This is a long one! Props to you if you actually read or skim it all!
Today I got to teach in Relief Society. I know I've said it before, but I think this is one of my favorite callings ever. It arouses so much passion and excitement for truth and doctrine. Another big reason I love it is because it ensures that I will have 1 child-free hour of church where I can actually focus on the spirit, doctrine, and sisters. I have to be honest, most weeks I don't even bother bringing my scriptures or manuals.
With Dean in tow, church is often like a glorified eating fest during sacrament meeting and a "quiet" playgroup in the other two. I've come to terms with this; it's just a stage that will pass like any other. It used to bother me, and one time way back when Dean kind of slept ok somewhere other than his crib, I had spent about 40 minutes trying to get Dean to fall asleep just to have him woken up 10 min. later by the bell ringing or people leaving Sacrament meeting and going to their classes or something. I stormed into my small Sunday School class and declared that "I hate church!" (To the shock and horror of one of the sisters in that class. I didn't mean it, I promise. I just hate that a 3 hour church is not that easy for children under 18 mo., nor the parents who care for those children. But that's unavoidable I'm afraid. Unless we could talk the Prophet into shortening church, but I like all the meetings so I don' t know what you'd cut out...)
Anyway, soon he will be in nursery and I will have (cross your fingers here with me) a chance to actually listen in class again. At least until August when we start this whole process all over. hahaha. 80D
On to my original post. The lesson I taught today was on the Parables in St. Matthew 13 and Joseph Smith's insights to those parables. It was such a fabulous lesson to read and I really enjoyed preparing for class. I mean, how many times have I read those parables? Yet I learned new insights from this lesson and my prep. I was a little sad I ended up with only about 20-25 min. for the lesson because of all the announcements and whatnots. Ah well, that is how it goes.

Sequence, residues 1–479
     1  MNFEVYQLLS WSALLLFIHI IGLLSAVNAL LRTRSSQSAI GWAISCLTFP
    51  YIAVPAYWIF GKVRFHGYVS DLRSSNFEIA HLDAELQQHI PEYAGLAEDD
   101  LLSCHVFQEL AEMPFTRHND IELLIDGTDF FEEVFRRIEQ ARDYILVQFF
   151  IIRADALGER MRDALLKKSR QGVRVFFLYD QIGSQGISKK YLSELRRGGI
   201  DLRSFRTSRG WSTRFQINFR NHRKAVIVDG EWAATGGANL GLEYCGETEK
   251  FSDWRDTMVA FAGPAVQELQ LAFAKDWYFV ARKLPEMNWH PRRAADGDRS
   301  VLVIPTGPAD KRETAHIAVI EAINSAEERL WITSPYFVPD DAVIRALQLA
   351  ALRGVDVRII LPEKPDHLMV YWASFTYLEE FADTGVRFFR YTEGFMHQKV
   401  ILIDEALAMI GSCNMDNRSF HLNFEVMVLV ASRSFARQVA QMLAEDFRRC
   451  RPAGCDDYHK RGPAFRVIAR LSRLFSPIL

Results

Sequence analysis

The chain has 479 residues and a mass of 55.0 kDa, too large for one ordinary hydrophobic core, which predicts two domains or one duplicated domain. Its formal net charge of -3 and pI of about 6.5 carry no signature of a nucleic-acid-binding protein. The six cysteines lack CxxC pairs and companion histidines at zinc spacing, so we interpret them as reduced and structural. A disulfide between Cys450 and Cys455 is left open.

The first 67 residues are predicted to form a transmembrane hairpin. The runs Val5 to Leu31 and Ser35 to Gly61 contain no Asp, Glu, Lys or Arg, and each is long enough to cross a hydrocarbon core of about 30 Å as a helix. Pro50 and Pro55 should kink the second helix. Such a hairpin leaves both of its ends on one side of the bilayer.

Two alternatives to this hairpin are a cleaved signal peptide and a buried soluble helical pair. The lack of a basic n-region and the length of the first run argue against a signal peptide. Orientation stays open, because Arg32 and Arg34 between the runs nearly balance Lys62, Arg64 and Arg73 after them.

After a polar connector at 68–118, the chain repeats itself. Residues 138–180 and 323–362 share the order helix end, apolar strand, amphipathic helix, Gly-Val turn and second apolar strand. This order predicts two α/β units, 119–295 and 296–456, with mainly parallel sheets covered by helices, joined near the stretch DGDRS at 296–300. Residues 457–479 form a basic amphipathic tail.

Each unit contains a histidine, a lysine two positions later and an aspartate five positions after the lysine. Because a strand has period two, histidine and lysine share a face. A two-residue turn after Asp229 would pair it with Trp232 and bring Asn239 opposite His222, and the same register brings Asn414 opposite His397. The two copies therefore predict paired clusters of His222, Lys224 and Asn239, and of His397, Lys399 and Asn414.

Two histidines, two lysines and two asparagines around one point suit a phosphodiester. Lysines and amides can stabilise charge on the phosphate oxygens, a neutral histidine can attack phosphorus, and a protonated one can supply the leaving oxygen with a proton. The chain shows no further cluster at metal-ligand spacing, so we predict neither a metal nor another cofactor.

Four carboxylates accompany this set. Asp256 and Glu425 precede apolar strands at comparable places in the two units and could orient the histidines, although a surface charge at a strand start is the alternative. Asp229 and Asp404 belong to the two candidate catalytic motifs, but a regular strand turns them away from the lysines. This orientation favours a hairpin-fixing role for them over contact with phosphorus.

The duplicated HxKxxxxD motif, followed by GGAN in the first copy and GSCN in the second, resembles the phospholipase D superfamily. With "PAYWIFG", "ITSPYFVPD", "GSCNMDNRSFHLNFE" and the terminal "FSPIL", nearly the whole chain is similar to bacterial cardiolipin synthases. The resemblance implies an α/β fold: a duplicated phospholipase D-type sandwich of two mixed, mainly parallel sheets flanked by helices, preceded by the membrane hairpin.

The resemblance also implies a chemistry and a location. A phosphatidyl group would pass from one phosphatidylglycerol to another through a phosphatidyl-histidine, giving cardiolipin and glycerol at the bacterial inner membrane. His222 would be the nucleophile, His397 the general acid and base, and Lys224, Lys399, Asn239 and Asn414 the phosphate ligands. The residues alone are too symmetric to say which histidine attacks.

For those interested (mothers who can't really listen while at church? people who have aux. callings and don't get to go to R.S.? Anyone else?), I will share a few things that I loved out of this lesson.
First of all, for the lesson in the manual, click here. I will refer to the section titles and assume you've read it. Everything in quotes will be from the lesson unless I cite something else.
From the life of Joseph Smith
I think it's very important to note that they actively prepared themselves before going for the blessings they were going to receive at the temple. I often hear people wonder about why non-members can't go through the temple, but honestly, members shouldn't go if they haven't prepared and aren't ready to receive. Dedication to and understanding of church doctrine really are necessary to get anything out of the temple.
And reading the Old Testament in Hebrew??? It really amazes me what a man with a 6th grade education was able to accomplish by personal study, hard work, and the spirit. I really think that last one is a big key in learning anything. “Spent the day at school. The Lord blessed us in our studies. This day we commenced reading in our Hebrew Bibles with much success."
The Savior taught in parables so that those who believed in His teachings could gain greater light, while those who rejected His teachings would lose the light they had.
Really, one of the best insights for me came not in what was written in the manual on this one, but what was written in the JST of Matthew 13:10-11. The original in the King James Version reads, "For whosoever hath, to him shall be given, and he shall have more abundance; but whosoever hath not, from him shall be taken away even that he hath." Now, this seems so unfair, doesn't it? Those who have will keep getting and those who have not will have it taken away. Where's the justice?? But the JST clears it up nicely. "For whosoever receiveth, to him shall be given, and he shall have more abundance; but whosoever continueth not to receive, from him shall be taken away even that he hath."